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Taking Advantage Of Fines Migration For Improved Oil Recovery During Oilfield Depletion

Bujap, Paul

Stark, Josh

Petroleum Engineering Honours Degree, 2011

University of Adelaide


The decline in permeability during corefloods with varying water composition, especially with low salinity water, has been widely reported in the literature. It has been explained by the lifting, migration and subsequent plugging of pores by fine particles. This effect can be considered to provide a relatively simple method for mobility control during isolated waterflooding.

This thesis is dedicated to the development of limited low salinity water injection for sweep improvement due to plugging of high permeable channel(s) and layers by lifted or mobilised fine particles. The proposal of a new technology is introduced by injecting a limited volume of low salinity water into watered up and abandoned production wells during pressure depletion in oil reservoirs with strong aquifer support. This results in the lifting of reservoir fines, their migration and plugging the pathway for invading aquifer water into the reservoir.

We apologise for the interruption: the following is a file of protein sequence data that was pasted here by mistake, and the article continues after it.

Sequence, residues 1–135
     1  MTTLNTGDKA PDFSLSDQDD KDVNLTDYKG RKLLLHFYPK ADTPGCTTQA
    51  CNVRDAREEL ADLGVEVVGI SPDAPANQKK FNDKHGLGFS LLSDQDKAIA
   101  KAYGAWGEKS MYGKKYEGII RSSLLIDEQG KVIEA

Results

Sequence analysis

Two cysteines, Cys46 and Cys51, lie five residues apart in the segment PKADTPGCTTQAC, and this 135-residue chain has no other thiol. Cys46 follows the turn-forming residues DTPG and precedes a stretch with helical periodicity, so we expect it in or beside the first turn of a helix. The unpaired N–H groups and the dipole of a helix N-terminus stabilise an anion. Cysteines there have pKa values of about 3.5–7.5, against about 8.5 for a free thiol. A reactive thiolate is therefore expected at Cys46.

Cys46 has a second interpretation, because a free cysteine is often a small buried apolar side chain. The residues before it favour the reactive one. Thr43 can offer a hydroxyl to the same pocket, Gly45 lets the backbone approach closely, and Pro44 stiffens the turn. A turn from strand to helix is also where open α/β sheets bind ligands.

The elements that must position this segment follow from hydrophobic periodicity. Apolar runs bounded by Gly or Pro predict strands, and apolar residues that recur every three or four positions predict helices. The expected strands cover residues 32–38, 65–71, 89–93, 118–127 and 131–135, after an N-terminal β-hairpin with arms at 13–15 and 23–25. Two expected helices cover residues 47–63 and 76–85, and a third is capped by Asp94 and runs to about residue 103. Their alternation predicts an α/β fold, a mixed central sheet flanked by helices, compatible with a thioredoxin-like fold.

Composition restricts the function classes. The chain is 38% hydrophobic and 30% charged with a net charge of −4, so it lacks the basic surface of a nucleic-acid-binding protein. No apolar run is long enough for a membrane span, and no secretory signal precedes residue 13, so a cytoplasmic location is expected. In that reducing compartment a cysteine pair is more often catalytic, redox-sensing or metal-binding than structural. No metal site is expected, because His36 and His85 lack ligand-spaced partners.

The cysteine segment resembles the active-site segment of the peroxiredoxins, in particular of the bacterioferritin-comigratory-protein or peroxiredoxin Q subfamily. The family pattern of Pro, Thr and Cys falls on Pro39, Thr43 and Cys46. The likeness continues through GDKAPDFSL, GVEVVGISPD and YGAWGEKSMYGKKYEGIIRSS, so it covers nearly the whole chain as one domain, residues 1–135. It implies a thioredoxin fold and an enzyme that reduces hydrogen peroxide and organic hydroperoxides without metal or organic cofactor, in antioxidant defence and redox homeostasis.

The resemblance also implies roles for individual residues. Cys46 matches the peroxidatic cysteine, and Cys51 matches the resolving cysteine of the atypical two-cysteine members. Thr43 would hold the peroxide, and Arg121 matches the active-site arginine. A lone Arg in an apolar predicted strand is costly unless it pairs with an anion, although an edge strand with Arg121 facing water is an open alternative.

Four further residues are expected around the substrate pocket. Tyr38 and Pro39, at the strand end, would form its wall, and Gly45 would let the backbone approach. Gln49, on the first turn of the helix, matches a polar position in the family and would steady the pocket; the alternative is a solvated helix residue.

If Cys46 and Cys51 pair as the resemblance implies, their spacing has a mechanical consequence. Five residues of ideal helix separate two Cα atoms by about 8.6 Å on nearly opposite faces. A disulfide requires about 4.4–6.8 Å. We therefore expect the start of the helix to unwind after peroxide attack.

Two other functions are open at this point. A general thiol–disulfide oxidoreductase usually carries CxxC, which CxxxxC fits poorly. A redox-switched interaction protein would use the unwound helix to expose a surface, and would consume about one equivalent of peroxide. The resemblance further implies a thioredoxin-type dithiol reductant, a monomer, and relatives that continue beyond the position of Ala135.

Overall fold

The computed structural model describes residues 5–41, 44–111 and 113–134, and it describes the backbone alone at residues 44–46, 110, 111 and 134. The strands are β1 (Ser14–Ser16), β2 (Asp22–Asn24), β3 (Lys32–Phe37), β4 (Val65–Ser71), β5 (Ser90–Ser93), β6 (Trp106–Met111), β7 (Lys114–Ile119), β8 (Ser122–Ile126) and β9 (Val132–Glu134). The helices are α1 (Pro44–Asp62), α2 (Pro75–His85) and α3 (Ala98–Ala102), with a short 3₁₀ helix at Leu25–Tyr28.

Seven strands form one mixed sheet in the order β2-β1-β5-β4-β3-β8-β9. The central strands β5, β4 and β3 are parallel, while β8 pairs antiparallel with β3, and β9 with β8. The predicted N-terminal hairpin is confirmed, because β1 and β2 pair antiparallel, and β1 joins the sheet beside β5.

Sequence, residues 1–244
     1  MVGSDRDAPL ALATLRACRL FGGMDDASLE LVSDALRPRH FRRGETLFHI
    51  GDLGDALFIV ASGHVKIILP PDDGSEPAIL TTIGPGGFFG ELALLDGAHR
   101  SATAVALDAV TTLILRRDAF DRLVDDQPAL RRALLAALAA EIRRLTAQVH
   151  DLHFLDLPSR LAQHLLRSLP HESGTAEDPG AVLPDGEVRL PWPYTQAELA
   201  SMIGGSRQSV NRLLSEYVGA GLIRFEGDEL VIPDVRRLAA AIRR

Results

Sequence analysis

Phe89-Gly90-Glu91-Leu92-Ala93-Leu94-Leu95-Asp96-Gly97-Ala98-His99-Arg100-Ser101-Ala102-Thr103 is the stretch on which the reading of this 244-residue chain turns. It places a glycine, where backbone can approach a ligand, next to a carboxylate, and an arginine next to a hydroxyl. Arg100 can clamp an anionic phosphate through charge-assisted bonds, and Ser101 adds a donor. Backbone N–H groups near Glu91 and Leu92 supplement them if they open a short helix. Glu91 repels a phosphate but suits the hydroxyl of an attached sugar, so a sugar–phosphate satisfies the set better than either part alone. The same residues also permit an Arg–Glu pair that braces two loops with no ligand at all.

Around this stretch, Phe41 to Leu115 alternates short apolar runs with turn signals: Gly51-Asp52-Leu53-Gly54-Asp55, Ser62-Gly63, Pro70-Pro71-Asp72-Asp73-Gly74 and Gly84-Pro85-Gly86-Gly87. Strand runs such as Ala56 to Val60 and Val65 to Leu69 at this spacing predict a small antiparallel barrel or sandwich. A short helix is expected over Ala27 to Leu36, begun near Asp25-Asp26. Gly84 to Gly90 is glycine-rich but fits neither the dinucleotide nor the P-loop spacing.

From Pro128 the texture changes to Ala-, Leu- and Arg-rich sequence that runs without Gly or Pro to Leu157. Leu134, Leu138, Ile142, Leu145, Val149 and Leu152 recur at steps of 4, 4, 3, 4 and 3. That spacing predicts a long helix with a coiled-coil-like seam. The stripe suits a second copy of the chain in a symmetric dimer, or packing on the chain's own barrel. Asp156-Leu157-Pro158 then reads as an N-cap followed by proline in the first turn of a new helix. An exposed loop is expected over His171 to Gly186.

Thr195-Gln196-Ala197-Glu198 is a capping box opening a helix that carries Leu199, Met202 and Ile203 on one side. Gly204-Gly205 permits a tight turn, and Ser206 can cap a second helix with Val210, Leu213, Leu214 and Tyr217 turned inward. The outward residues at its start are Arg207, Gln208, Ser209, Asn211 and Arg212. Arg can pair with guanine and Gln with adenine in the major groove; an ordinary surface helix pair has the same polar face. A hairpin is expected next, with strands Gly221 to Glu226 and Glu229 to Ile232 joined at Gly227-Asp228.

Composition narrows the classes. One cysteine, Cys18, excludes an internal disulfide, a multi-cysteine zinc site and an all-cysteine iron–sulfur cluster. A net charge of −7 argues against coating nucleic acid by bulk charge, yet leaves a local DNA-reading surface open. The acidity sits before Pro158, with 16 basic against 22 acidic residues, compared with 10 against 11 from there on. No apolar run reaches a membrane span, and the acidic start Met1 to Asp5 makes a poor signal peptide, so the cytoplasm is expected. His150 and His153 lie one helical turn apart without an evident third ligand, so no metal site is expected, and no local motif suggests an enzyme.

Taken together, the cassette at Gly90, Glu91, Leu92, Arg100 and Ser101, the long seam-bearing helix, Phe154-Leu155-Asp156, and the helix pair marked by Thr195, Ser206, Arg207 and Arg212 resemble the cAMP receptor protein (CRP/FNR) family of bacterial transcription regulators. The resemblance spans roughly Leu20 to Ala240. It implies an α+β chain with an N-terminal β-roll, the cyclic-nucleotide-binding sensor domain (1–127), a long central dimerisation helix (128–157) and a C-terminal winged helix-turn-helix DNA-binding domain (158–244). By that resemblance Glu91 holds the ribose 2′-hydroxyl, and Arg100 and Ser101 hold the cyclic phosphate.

This work takes advantage of the already derived basic two-phase equations for waterflooding with salinity variation causing the detachment of fine particles, their migration and straining. It includes the equivalence between the model for two-phase flow with fines migration and the adsorption-free polymer flood model in large scale approximation, which allows taking advantage of the polymer flood option for reservoir modeling of the limited injection of low salinity water with fines.

Reservoir simulation modelling showed that permeability decline around the near well bore region, caused by limited injection of low salinity water and induced fines migration, improves ultimate oil recovery by delaying water breakthrough, increasing sweep efficiency and reducing water cut, thus providing a relatively simple and inexpensive method for mobility control. An economic evaluation based on a typical concessionary regime has identified the PVI for a range of oil viscosities and reservoir dip for the best possible recovery of oil.

Australian School of Petroleum



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